• March 29, 2002 — A series of terrorist attacks, including a massive bombing at a Passover seder in a Netanya hotel, kills 136 Israelis in the space of a month. Sharon declares Arafat an “enemy” of Israel and invades his presidential compound in Ramallah, cutting off electricity and phone lines. Israeli troops move into several West Bank cities to carry out anti-terrorist moves in Operation Protective Wall.

  • May 10, 2002 — Israeli troops begin pulling out of Bethlehem’s Church of the Nativity, ending a five-week standoff. Thirteen Palestinian terrorist suspects are flown to Cyprus en route to other countries, while 26 others are sent to Gaza. Israel says the Palestinians, who holed up in the church for 38 days, are complicit in numerous terrorist attacks.

  • June 16, 2002 — Israel begins construction of a new security fence roughly along the contours of the West Bank to prevent Palestinian terrorists from infiltrating Israel.

  • June 24, 2002 — In a much-anticipated speech, Bush calls for a “new and different Palestinian leadership so a new Palestinian state can be born.” Bush says the United States will back Palestinian statehood after the Palestinians “have new leaders and institutions” and abandon violence against Israel.

  • March 10, 2003 — Under heavy international pressure and U.S. refusal to deal with him, Arafat appoints Mahmoud Abbas prime minister of the Palestinian Authority.

  • June 4, 2003 — Abbas, Sharon and Bush formally inaugurate the “road map” peace plan at a summit in Aqaba, Jordan. Palestinian terrorist attacks follow. By the end of the month Hamas and Islamic Jihad unilaterally declare a three-month “cease-fire” in attacks on Israelis; Fatah declares a six-month truce. In response, Israeli troops withdraw from part of the Gaza Strip and, later, Bethlehem, transferring security control to the Palestinian Authority.

  • Aug. 19, 2003 — Hamas and Islamic Jihad take responsibility for a suicide bus bombing in Jerusalem that kills 21, including several children. The bombing follows a pair of suicide bombings by Hamas and the Al-Aksa Brigade a week earlier. Israel responds by renewing its strategy of targeted killings, first assassinating Hamas leader Ismail Abu Shanab. The Palestinian terrorist groups say their “cease-fire” is over.

  • Sept. 7, 2003 — Ahmed Karia is named the new Palestinian Authority Prime Minister after Abbas resigns following a power struggle with Arafat.

Terrorism Link in Davis Recall

I’m a proud conservative Republican from Michigan, but I’m appealing to Californians of all political stripes not to support the recall of Gov. Gray Davis.

Rep. Darrell Issa (R-Vista) — funder of the recall effort and the only announced candidate to replace Davis — might be the contemporary, real-life version of Frank Sinatra’s "Manchurian Candidate." Instead of communists, Issa’s allies are radical Islamists and supporters of terrorism against Americans, Israelis, Christians and Jews.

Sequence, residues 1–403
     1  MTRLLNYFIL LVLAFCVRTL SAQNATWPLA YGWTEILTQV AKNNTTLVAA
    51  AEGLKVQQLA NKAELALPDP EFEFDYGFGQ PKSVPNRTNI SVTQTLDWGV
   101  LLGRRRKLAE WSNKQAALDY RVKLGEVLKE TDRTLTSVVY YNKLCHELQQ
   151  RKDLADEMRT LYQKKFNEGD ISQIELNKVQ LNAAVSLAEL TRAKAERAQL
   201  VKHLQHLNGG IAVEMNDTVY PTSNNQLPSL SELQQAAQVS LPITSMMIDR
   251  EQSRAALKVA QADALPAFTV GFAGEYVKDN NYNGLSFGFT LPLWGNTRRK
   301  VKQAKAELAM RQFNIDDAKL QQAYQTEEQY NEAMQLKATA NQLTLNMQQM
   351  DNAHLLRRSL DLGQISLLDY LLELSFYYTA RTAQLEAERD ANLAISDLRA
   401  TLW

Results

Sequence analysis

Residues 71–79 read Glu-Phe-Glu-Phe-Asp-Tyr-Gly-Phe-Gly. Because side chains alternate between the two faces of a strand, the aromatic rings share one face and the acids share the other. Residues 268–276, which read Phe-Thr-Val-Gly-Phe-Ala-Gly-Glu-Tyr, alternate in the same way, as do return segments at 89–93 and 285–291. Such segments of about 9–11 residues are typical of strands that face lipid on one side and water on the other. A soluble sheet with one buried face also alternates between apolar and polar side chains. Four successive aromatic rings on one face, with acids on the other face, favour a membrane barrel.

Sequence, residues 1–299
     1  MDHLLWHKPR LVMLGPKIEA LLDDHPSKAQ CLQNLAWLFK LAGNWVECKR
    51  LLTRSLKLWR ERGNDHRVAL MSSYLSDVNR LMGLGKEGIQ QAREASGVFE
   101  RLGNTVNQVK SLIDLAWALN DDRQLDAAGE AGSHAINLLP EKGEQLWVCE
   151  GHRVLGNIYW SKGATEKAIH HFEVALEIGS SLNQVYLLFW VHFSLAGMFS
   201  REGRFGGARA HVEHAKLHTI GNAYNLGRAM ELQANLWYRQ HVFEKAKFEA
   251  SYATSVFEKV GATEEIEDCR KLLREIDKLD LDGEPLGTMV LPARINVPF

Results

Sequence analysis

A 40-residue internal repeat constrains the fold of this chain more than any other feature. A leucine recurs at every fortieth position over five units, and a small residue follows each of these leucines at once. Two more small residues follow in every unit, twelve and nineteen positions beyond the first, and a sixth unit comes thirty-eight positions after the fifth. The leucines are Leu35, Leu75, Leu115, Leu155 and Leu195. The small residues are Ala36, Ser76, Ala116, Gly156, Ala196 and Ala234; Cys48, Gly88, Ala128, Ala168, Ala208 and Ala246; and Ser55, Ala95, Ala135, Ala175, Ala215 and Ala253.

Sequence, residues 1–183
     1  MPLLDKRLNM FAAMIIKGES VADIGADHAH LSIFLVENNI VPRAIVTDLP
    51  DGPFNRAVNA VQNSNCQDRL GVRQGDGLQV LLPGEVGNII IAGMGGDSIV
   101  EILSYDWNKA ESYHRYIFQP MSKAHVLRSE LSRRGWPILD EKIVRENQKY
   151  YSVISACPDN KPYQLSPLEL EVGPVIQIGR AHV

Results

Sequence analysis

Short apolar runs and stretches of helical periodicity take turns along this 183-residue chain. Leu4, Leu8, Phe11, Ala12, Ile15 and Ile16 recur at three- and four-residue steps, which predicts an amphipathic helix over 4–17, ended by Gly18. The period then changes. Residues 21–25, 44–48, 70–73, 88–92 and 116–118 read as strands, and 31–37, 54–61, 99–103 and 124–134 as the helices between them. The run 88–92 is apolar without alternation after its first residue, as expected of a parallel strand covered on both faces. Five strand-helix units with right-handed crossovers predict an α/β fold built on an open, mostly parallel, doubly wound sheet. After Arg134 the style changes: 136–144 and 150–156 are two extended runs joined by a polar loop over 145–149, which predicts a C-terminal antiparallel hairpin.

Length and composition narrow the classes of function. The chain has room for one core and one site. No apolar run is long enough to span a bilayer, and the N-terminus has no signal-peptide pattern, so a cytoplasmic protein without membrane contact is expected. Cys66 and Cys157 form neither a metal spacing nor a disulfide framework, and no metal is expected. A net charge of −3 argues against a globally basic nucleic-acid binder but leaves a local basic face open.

In a short political career, Issa’s statements and actions consistently defend terrorists, terrorist groups and terrorist sponsor states.

Saudi Arabia’s longtime lobbyist, James Gallagher, contributed to Issa’s campaign in November 2002, and Issa tried to overturn key classified evidence portions of President Bill Clinton’s 1995 counterterrorism bill. Issa is also credited with "declawing" the Patriot Act.

Then, there’s Issa’s dance with Hezbollah, an organization that is on the State Department’s terrorist list and one of the largest components of Al Qaeda. In the 1980s, Hezbollah — which means "Party of Allah" — murdered more than 260 U.S. Marines while they slept in Beirut and tortured to death Col. Richard Higgins (in 1990) and CIA attache William Buckley.

Hezbollah endorses "the use of hostages," "suicide in jihad operations" and "the duty of all Muslims to engage in Islamic jihad if it ensures the ultimate goal [of] inflicting losses on the enemy."

Less than a month after Sept. 11, Issa visited Syrian President Bashar Assad, praising Hezbollah and lauding Assad’s policies (Syria is on the State Department’s terrorist list).

The Tehran Times and IRNA (Islamic Republic News Agency, the official Iranian news agency) quoted Issa’s statements to Assad in Damascus: "Hezbollah acts legitimately and has never been involved in terrorist activities…. Hezbollah and any other Lebanese group has the right to resist the occupation of its territory…. Hezbollah’s humanitarian and governmental actions were legal…. Such behavior would be customary in any country."

Issa denies the statements, but as a recent Los Angeles Times cover story demonstrates he has a record of stretching the truth — about his military record, his criminal history, his business affairs and his political positions.

In November 2001, for instance, Issa told syndicated columnist Debra Saunders he was vehemently against Arabs suing the airlines and government over profiling. At the same time, he told the rest of the press of his plans to introduce legislation to make it easier for Arabs to collect monetary damages for airline and government profiling.

And Issa’s other statements and actions corroborate their veracity: